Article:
US Critical Metals (USCM) and US Critical Materials (Materials Corp.) are set to earn-in up to 75% equity interest in two rare earth projects in Montana and Idaho.

The companies will invest in the Sheep Creek property in Ravalli County, Montana, and the Lemhi Pass Trail property in Lemhi County, Idaho.

Under the terms of the agreement, USCM, through its subsidiary US Energy Metals Corp. (Energy Corp), and Materials Corp formed US Rare Elements Corp. (USRE).

USRE will hold the properties and will be jointly managed by USCM and Materials Corp., with two board members from each party, and equal voting rights in the option period.

USCM will obtain 25% of USRE, in exchange for a $300,000 cash payment to USRE within five business days of closing, and $1,500,000 in capital contributions 16 months after closing.

The company may acquire an additional 25% equity interest in USRE, for a $200,000 cash payment, and $3m in capital contributions 40 months after closing.

USCM CEO and director Darren Collins said: “This partnership positions USCM with increased exposure to commodities essential to US security of supply and national security interests.

“Consistent with our Clayton Ridge Lithium Property in Nevada and Haynes Cobalt Property in Idaho, these rare earth properties in Montana and Idaho have strong grade indications and significant exploration potential.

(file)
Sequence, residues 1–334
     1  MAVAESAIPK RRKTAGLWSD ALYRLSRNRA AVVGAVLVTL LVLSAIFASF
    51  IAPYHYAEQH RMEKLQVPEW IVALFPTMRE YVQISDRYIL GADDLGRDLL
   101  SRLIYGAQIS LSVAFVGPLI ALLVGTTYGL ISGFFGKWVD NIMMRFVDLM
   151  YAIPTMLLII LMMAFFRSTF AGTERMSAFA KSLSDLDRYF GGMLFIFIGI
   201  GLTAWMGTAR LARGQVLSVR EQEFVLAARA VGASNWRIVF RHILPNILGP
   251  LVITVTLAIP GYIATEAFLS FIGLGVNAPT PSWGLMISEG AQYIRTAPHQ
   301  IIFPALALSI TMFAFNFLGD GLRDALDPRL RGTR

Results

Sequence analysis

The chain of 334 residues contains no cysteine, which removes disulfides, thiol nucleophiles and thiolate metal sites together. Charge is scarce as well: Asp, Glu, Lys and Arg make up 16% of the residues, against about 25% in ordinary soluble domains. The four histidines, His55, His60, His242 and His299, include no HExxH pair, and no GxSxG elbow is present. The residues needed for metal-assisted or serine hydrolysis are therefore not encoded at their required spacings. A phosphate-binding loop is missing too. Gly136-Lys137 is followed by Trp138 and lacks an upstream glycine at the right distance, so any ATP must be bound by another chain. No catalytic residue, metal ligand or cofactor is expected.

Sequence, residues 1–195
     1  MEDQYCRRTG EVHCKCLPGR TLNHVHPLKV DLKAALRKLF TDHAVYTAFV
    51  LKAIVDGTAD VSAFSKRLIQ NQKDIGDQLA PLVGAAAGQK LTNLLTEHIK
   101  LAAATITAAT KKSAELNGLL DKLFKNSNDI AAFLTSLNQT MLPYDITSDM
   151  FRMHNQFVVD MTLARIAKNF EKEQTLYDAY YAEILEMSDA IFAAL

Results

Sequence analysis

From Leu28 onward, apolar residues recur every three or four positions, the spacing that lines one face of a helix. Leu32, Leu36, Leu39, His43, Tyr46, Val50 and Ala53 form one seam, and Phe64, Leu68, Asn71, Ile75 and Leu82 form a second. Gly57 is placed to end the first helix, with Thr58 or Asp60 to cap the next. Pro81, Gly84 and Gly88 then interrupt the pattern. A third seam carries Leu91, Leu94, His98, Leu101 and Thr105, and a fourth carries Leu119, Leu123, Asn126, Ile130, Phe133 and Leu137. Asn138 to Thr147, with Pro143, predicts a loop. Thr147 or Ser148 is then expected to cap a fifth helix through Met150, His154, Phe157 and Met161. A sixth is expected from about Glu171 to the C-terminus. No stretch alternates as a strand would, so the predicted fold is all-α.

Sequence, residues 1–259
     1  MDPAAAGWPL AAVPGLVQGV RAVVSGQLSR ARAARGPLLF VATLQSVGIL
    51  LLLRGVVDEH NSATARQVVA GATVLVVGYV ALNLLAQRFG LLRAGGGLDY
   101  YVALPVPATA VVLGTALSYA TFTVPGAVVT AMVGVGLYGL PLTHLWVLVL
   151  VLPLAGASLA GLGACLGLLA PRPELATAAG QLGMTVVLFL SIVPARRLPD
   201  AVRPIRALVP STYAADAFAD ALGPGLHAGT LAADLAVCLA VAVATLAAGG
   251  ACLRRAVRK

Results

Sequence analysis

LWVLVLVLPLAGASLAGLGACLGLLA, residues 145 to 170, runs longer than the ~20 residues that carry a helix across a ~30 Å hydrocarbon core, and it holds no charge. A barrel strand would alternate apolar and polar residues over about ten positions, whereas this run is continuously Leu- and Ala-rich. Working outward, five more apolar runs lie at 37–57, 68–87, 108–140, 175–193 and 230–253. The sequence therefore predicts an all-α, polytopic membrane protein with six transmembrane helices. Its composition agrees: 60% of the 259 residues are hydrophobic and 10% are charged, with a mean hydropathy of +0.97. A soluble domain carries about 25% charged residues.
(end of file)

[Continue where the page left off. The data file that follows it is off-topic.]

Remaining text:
“I would like to thank all the parties involved in bringing this transaction together for their hard work and dedication.”

Sheep Creek project is located in Ravalli County, southwest Montana, and covers 54 lode claims representing about 1,050 acres of the total land package.

Through its exploration activities last year, Materials Corp. has identified more than 50 carbonatite dikes in the Sheep Creek exploration area.

The Lemhi Pass project is located in Lemhi County in central-east Idaho, close to several other explorers within an area known to host rare earth mineralisation.

The two rare-earth properties are located in the Montana-Idaho alkalic belt, comprising at least eleven of the critical risk elements defined by the US Geological Survey.

Alongside neodymium and praseodymium as key elements, the properties also host cerium, dysprosium, europium, gadolinium, lanthanum, niobium, scandium, strontium, and gallium.

The elements are essential for the production of electric vehicle batteries, various critical technologies, and military and defence applications.

USCM said that the transaction will expand its asset portfolio with rare earth elements and provides diversified exposure to multiple discovery-focused projects in the US.